My wife has a much more comprehensive view of what it takes to be called alive. She would like to see most, if not all of the seven characteristics of life fulfilled and also holds to all life being cellular. When pressed, I think that she finds the most value in defining life as those things that can metabolize for themselves. They may require certain environmental support (waters, food, etc.) but when given these things, they can meet all the characteristics of life… but metabolism seems to be one of the most defining of these characteristics.

I’m not sure if holding to this definition represents any specific school of thought, but I suspect it reflects an organismal approach to life informed by her history as a clinician.

I, on the other hand, have a much more minimalistic definition of life that elevates the importance of reproduction over most other characteristics. If a thing has genetic material of some sort and can reproduce this material resulting in new life, that is sufficient for me – even in the absence of many other characteristics from the list above.

Why is this so important to me that reproduction trumps all else? I wasn’t sure what it was until I got to thinking while listening to Richard Dawkins’ newest book, The Magic of Reality. I’m listening to it for a number of reasons, perhaps primarily because I am developing a new course for the Summer semester that examines the philosophy of science. However, Dawkins hits upon many of his standard points in this book, one of which is, ‘we are all simply machines built by our genes, for the sole purpose of perpetuating those genes.’

There it is, a molecular definition of life. A definition, which although I was not always consciously aware of it, was critical to the way I approached biology. In my head, all living things are just self-replicating molecules wrapped in complicated shells (bodies). It’s really just the DNA that is alive.

This is exactly the opposite definition as that held by my wife. She views the organism as a whole as the primary unit, that thing which is really alive. One comment that she made that clarified her perspective to me the most was that it’s really not as important to talk about what is alive and what is not, as it is to talk about what has consciousness and what does not. I think this is really cool, it’s almost like an eighth characteristic: awareness. This is not to say that things cannot be alive just because they are not self-aware, but to add something new and elevate the definition from mere life to something more. Something relatable.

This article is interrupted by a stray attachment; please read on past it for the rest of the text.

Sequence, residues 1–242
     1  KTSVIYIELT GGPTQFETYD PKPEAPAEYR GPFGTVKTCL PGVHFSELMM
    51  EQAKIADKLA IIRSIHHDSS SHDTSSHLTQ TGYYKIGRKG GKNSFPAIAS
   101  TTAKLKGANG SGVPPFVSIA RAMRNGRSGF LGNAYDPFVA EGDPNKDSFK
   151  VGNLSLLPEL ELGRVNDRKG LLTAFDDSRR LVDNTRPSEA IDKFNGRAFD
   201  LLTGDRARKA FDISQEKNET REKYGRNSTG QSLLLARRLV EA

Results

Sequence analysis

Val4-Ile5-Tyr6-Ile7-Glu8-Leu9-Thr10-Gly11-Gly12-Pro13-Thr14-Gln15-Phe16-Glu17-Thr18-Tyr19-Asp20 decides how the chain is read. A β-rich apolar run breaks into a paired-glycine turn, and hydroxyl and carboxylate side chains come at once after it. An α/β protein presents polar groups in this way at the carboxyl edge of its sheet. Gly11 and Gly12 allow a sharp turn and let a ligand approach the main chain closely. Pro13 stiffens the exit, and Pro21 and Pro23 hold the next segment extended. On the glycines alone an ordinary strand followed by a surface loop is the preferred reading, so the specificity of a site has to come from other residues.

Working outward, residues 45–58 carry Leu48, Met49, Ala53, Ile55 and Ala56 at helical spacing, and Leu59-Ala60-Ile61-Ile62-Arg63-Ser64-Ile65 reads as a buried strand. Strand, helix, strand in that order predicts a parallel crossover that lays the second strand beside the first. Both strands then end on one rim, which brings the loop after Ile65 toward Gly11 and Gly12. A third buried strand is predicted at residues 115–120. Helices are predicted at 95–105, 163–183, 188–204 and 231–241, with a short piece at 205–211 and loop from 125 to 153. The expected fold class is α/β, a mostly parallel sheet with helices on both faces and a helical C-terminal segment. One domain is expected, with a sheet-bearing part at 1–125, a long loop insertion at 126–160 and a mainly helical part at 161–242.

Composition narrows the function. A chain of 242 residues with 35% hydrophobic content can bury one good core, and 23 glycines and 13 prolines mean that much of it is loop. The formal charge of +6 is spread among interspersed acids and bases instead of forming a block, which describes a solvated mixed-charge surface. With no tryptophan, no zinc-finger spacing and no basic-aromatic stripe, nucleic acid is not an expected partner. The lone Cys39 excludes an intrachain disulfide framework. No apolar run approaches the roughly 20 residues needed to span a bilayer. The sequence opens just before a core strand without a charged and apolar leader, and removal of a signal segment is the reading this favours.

I think it’s important to remember that this is really a philosophical point. As such, the answers are not as easily classified as right or wrong, but merely as points of view.

We have also talked a lot about how language shapes the way people think. We both agree that this is possibly one of the major differences amongst people of various cultures. Some people speak languages that place more or less importance on things (one example we discussed recently was that some languages do not have a future tense that distinguishes it from talk of the present tense. This may impact how certain cultures value the future more or less than others … think saving for retirement). Some people benefit from being multi-lingual and therefore having many frames of reference, or lenses that they can view current events through.



I bring this up because she started her professional career as a veterinarian, caring for animals, curing disease, controlling chronic problems, managing pain. The animal was the focus. I, on the other hand, began my professional career as a molecular biologist, snipping out genes, cloning them and expressing them in different organisms. The genetic material was the focus.

Just like language, our careers shaped our approach to life and allowed us to define it from very different perspectives.

People are funny that way.

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Posted by on February 27, 2013 in Uncategorized